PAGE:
In 1528, Margaret's husband was persuaded to renounce his Ormond title in favour of one of his rival claimants, the 7th Earl's grandson, Sir Thomas Boleyn, whose daughter, Anne Boleyn was being courted by King Henry VIII with the purpose of making her queen consort. In 1522, there had been a proposal that Anne should marry James, the eldest son of Margaret and Piers, in an attempt to resolve the dispute over the earldom which had broken out following the death of the 7th Earl and subsequent accession of Piers.[9] She would have brought her Ormond inheritance as dowry, and thus ended the dispute. For reasons unknown, the marriage negotiations ended in failure,[10] and the King shortly afterwards became enamoured of Anne. To please her as well as elevate her in rank, Henry decided to bestow the earldoms of Ormond and Wiltshire upon her father. Aided by Cardinal Thomas Wolsey Piers was compensated for his loss of title by being made 1st Earl of Ossory that same year (1528). In 1535, James was created Viscount Thurles.

Together Margaret and Piers had a total of nine children:

Countess of Ormond[edit]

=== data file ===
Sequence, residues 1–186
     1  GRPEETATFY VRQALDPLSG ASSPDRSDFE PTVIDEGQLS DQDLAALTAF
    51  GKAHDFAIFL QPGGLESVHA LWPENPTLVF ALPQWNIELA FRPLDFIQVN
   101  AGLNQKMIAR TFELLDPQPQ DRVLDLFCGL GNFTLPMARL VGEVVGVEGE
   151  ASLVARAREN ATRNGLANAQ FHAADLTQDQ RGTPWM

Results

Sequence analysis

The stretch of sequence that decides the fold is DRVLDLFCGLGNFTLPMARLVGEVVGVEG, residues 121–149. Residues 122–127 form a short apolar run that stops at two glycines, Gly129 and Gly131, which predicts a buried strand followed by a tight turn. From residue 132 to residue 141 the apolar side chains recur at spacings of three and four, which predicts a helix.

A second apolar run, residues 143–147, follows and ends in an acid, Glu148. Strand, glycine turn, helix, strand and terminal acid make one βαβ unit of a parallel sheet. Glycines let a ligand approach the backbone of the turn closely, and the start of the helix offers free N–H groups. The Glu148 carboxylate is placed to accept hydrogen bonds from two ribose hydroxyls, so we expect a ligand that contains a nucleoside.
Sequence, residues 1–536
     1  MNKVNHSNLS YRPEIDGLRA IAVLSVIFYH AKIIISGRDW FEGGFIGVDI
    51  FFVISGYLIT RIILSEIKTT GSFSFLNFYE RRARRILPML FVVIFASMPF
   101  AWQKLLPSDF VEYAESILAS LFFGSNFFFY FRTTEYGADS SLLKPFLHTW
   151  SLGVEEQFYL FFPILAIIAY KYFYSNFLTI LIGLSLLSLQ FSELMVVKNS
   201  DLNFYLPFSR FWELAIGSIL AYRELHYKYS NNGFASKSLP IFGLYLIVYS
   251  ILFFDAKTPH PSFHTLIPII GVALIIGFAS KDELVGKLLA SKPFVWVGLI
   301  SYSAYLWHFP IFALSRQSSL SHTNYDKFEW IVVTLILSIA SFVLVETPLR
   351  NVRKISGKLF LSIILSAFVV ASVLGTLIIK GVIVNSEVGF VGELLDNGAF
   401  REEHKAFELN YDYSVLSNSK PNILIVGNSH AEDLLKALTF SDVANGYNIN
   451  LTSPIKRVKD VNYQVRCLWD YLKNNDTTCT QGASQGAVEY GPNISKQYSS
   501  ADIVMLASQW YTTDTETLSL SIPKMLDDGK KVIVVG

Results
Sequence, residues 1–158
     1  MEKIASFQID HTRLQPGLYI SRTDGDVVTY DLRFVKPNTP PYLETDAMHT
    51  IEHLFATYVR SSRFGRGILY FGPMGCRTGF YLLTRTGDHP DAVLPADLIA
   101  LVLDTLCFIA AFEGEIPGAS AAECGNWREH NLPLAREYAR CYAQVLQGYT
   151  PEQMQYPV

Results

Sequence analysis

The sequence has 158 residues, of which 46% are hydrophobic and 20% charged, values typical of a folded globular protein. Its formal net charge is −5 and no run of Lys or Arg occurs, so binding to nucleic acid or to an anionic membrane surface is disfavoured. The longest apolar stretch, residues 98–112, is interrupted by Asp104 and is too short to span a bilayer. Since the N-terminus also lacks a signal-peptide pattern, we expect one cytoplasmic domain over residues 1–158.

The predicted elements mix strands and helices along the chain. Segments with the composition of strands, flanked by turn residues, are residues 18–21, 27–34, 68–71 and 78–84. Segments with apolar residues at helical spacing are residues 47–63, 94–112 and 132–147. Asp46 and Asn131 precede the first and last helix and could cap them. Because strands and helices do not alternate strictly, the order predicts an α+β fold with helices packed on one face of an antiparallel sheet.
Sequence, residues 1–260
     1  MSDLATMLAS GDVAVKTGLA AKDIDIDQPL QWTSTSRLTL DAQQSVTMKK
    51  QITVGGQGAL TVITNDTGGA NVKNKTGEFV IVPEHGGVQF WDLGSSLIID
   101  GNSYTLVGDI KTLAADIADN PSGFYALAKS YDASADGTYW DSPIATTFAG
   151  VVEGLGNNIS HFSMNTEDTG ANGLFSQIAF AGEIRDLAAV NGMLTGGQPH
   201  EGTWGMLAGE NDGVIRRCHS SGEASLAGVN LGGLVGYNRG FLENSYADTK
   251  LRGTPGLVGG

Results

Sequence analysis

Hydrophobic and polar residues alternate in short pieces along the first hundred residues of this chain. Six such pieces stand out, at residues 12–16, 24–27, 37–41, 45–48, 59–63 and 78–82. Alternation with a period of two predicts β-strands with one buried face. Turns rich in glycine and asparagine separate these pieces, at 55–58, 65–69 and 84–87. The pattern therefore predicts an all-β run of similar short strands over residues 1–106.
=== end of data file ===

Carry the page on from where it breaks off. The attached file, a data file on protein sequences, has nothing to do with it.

The earldom of Ormond was restored to Piers on 22 February 1538 after Thomas Boleyn, whose daughter Queen Anne Boleyn had been executed for High Treason in 1536, died. Prior to that date, Piers and Margaret had continued to style themselves as Earl and Countess of Ormond.

Margaret was sometimes styled the "Great Countess of Ormond". She signed herself "Margaret Fitzgerald of the Geraldines", and occupied herself in legal matters regarding her family and the Ormond estates,[3] having worked with Piers in developing the estate, expanding and rebuilding manor houses. She also established Kilkenny Grammar School.[11] She urged Piers to bring over skilled weavers and artificers from Flanders and she helped establish industries for the production of carpets, tapestries and diapers (a type of cloth).[8] Margaret and her husband were responsible for having commissioned significant additions to the castles of Granagh and Ormond. They also rebuilt Gowran Castle, which had been originally constructed in 1385 by James Butler, 3rd Earl of Ormond.